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June 13, 2017 - Updated on June 14, 2017

France: RSF calls again for repeal of law that criminalizes receiving leaks

Labor Minister Muriel Penicaud/ AFP

Reporters Without Borders (RSF) reiterates its call for the repeal of French legislation criminalizing the receipt of leaked information after labour minister Muriel Pénicaud reacted to the publication of leaks in Libération about the government’s proposed labour law reforms by filing a criminal complaint against persons unknown.


Repeal of the criminal code article under which receipt by journalists of leaked confidential information is treated as receipt of stolen goods was one of the key recommendations that RSF submitted to candidates during the presidential election campaign.


The repeal of this provision was part of the “Bloche Law” that the National Assembly approved last year but it was subsequently struck down by the Constitutional Council.


According to the French criminal code, the act of possessing or transmitting something “knowing that this thing is result of a crime” itself constitutes the crime of receiving stolen goods.


If the labour minister were to bring a complaint against Libération, it would imply that the newspaper’s journalists knew where the leaked documents came from and that they also knew that the leaking constituted a crime.


But the role of journalists is to publish information in the public interest, in accordance with their duty to inform, not to determine whether or not a leak constitutes a crime. Libération did its duty by publishing information in the public interest at a time when the government is preparing to rush through changes to the labour law.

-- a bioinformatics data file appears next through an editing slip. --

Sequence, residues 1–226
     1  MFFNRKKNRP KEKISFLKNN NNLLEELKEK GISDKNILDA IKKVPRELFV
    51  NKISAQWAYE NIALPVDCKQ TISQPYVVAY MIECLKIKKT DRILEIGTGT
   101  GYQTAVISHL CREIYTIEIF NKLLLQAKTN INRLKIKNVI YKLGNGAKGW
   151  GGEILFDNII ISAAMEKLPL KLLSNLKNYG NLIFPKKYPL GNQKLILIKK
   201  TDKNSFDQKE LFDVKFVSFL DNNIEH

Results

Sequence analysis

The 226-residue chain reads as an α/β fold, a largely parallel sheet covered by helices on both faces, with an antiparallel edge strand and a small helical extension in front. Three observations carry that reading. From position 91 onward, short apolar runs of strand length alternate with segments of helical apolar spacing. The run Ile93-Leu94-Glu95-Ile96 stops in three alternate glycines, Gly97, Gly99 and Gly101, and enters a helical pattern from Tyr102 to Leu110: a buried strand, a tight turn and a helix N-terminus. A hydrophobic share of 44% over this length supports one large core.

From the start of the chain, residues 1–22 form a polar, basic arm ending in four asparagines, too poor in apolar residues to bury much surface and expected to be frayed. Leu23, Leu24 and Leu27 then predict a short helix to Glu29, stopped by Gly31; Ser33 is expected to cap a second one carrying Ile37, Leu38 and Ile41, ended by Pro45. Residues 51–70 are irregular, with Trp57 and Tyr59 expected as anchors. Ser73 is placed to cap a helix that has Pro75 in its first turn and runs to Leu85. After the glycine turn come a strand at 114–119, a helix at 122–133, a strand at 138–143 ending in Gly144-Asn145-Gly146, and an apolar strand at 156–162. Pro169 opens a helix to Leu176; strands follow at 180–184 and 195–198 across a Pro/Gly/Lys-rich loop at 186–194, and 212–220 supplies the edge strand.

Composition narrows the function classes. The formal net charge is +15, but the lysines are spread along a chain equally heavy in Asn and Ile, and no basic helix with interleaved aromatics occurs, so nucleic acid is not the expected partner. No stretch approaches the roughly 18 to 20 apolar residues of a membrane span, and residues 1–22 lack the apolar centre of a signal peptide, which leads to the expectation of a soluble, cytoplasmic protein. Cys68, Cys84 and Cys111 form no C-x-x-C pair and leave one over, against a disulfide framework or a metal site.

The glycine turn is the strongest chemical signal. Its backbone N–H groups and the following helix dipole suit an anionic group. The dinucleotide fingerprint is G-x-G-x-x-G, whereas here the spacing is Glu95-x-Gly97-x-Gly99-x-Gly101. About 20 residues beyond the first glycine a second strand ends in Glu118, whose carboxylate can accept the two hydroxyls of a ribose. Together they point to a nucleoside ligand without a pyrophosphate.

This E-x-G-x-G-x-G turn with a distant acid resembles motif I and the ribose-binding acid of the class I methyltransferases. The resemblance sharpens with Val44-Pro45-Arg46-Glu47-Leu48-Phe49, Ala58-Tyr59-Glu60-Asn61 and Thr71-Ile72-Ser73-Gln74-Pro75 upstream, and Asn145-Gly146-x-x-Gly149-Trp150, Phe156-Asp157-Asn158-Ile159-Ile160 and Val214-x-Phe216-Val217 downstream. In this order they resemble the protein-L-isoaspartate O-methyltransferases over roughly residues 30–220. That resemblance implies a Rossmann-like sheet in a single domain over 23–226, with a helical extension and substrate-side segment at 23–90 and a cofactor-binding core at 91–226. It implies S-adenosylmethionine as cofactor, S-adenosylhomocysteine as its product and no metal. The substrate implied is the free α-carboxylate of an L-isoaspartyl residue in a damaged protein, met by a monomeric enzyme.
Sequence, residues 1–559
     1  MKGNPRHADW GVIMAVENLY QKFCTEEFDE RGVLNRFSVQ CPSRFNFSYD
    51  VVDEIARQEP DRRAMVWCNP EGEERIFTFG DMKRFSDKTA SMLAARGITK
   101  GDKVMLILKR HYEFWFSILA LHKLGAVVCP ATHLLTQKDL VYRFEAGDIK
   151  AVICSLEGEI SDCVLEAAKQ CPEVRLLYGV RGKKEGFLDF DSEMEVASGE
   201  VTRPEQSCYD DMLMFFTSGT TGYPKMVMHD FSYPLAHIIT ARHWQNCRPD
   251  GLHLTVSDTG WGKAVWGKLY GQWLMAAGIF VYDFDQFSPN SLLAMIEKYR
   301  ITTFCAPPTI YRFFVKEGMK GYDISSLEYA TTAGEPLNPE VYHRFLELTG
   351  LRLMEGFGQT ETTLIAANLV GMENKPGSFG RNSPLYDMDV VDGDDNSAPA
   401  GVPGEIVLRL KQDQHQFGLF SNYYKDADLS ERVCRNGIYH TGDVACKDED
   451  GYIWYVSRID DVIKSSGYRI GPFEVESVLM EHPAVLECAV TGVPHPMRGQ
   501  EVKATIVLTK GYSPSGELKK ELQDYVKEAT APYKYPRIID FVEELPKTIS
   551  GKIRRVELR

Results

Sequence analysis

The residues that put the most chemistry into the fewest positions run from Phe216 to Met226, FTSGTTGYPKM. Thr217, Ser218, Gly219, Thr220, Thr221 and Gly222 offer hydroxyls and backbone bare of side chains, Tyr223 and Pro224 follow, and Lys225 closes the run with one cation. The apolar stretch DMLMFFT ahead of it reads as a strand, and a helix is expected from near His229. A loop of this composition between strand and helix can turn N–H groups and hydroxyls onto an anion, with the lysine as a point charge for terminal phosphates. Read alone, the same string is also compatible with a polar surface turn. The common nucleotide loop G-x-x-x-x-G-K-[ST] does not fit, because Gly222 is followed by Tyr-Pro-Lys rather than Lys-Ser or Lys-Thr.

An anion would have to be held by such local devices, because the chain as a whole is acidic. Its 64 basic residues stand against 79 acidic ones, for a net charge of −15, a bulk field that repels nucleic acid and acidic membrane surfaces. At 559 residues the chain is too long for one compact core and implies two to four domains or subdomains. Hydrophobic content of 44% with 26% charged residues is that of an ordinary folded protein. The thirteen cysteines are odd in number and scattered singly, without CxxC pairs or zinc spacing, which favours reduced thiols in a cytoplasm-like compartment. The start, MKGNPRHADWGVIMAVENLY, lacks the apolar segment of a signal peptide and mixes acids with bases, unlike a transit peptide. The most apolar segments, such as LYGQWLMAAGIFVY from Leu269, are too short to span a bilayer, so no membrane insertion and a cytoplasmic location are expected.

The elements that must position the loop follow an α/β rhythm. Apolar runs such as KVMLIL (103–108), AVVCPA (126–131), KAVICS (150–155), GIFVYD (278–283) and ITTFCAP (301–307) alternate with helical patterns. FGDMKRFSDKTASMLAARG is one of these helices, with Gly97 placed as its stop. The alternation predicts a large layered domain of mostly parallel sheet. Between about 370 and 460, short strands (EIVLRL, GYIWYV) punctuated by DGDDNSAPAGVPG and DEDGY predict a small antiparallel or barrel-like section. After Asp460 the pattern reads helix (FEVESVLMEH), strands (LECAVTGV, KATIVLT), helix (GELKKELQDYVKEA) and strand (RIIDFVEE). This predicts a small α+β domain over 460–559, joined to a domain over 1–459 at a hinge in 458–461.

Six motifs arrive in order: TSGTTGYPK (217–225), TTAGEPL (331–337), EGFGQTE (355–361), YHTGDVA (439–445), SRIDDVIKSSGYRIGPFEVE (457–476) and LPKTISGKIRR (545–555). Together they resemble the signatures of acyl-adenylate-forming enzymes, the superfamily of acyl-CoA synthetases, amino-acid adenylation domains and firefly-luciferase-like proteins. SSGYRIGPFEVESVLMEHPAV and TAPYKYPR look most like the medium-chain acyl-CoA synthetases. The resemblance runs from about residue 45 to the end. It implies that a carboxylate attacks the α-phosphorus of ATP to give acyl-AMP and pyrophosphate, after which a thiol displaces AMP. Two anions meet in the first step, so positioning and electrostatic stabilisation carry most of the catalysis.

On 9 June, the labour minister filed a complaint against persons unknown for the theft of documents, but she has so far refrained from filing a complaint against Libération for receipt of stolen documents.


“No matter how unpleasant for the labour minister, the leaks were of undeniable interest to the public and their publication falls under the public’s right to information,” said Pauline Adès-Mével, the head of RSF’s EU-Balkans desk. “It is unacceptable in a democracy that journalists can be regarded as criminal suspects just for doing their job.”


RSF calls on the labour minister to abandon this complaint, and on legislators to protect journalists against this kind of prosecution.


France is ranked 39th out of 180 countries in RSF’s 2017 World Press Freedom Index.